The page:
I’m interested in how others fill their free time. Please respond to this survey. When I tested it on the SurveyMonkey site it allowed participants to add comments to each question. If you have trouble doing that, you can add a comment here on this blog. I’m too cheap to buy the pro version, so I’m restricted to 10 questions. Therefore, I couldn’t be too specific and had to restrict answers to broad categories and lump some things together. Please do give me specifics wherever possible. I’m mainly interested in things I could do, so I’ve eliminated babysitting grandchildren or running a retirement “business” but if you have an activity you think should be included and it’s not there, try to find a place for it.

Create your own user feedback survey

I was sure that I had made the results public, but SurveyMonkey just told me they weren’t so I think I have remedied that. Here is the link to see the results: Results

The Divine Comedy by Dante Alighieri

The Divine Comedy by Dante Alighieri my rating: 5 of 5 stars (Blackstone Audio edition)

This is one of those works that you think you should have read in college if not in high school, yet the idea never appealed to you enough to get it done. Out of curiosity I picked this off the library shelf and I’m glad I did. It is a 3-disc audio recording of a radio play by BBC actors including John Hurt. It is much more than a simple audio narration. The acting is superb with many actors. Music and sound effects help give it a full dramatic impact. Screams of the condemned can be heard in the background. I had expected archaic, hard-to-follow language like Shakespeare in the original form, but this was in contemporary English. Other than a few references to specific popes and other religious and political leaders, it could be mistaken for a work written today. Dante writes with a biting satirical lance colored by the clear religious fervor of the devout Catholic of his day and place. Everyone is skewered – the bankers and politicians, the greedy and the envious, the lustful and the lazy, even the good well-meaning rulers who do not use their power to better the lives of others.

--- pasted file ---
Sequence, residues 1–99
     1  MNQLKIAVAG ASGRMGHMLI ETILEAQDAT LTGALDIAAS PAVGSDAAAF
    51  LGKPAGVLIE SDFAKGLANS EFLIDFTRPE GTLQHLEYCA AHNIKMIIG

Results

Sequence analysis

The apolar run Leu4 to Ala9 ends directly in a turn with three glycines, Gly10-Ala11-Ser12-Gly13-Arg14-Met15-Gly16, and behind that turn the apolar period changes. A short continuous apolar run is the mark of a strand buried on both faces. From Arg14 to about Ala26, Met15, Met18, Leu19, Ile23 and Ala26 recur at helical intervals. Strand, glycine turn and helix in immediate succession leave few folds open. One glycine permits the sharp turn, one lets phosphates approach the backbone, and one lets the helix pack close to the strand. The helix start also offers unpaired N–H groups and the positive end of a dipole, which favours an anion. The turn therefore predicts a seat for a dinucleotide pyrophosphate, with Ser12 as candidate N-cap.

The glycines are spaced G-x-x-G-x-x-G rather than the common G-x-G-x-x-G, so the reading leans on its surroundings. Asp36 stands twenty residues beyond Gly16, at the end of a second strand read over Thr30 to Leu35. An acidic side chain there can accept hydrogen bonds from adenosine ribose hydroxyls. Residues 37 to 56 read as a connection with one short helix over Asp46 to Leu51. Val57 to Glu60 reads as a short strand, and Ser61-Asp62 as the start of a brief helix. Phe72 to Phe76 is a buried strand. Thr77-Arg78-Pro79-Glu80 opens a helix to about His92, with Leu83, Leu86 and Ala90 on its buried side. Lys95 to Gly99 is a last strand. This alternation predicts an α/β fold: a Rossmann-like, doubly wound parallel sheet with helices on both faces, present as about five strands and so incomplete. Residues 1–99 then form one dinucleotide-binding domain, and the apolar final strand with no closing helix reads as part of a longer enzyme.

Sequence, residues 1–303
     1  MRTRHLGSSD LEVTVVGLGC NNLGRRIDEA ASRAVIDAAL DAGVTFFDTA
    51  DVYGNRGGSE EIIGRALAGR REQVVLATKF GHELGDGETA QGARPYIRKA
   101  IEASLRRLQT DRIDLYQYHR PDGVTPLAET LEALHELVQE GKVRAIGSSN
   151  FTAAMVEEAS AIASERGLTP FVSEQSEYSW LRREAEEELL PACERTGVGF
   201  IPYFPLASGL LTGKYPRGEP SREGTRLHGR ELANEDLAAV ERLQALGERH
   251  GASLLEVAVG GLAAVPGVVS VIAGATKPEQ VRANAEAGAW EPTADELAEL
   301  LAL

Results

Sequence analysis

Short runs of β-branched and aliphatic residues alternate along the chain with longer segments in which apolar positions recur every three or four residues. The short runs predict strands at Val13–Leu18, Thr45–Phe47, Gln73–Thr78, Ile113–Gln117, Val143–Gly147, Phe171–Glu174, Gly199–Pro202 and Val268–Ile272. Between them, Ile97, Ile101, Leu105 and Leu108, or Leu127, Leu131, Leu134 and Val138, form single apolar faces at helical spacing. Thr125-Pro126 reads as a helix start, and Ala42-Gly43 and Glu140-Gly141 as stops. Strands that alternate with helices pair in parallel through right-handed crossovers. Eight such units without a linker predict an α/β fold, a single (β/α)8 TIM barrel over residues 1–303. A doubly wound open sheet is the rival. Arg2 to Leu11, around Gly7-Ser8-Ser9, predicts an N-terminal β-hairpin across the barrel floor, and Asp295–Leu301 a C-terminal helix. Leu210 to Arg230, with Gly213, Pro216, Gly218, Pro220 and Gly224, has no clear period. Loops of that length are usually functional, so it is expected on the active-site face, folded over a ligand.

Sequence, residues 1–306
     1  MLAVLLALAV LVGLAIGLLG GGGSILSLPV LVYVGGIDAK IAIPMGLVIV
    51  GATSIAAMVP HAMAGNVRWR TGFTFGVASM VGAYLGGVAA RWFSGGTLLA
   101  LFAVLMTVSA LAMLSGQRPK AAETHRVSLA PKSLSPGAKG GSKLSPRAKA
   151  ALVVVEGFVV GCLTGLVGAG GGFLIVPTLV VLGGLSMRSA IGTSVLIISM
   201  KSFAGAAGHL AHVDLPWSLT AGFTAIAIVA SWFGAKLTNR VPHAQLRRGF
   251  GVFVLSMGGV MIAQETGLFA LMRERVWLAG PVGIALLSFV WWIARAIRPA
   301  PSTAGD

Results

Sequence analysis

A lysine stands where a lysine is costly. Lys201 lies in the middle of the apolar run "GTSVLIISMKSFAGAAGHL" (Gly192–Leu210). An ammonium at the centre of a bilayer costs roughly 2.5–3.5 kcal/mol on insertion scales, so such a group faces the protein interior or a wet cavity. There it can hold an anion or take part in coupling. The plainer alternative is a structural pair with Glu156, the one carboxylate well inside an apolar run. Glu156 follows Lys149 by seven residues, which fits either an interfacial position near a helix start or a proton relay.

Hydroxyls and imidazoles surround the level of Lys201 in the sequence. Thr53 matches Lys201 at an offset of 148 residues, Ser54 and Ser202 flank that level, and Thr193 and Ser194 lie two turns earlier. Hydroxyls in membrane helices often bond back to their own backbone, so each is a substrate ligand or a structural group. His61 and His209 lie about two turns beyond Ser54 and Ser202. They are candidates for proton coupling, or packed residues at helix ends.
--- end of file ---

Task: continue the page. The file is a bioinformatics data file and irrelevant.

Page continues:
Dante is the main character in his own story. He is led through the many levels of Hell, then through Purgatory, and finally into Paradise. This journey is made possible by his first love Beatrice, a beautiful young woman who died years before who has obtained permission to lead him thus.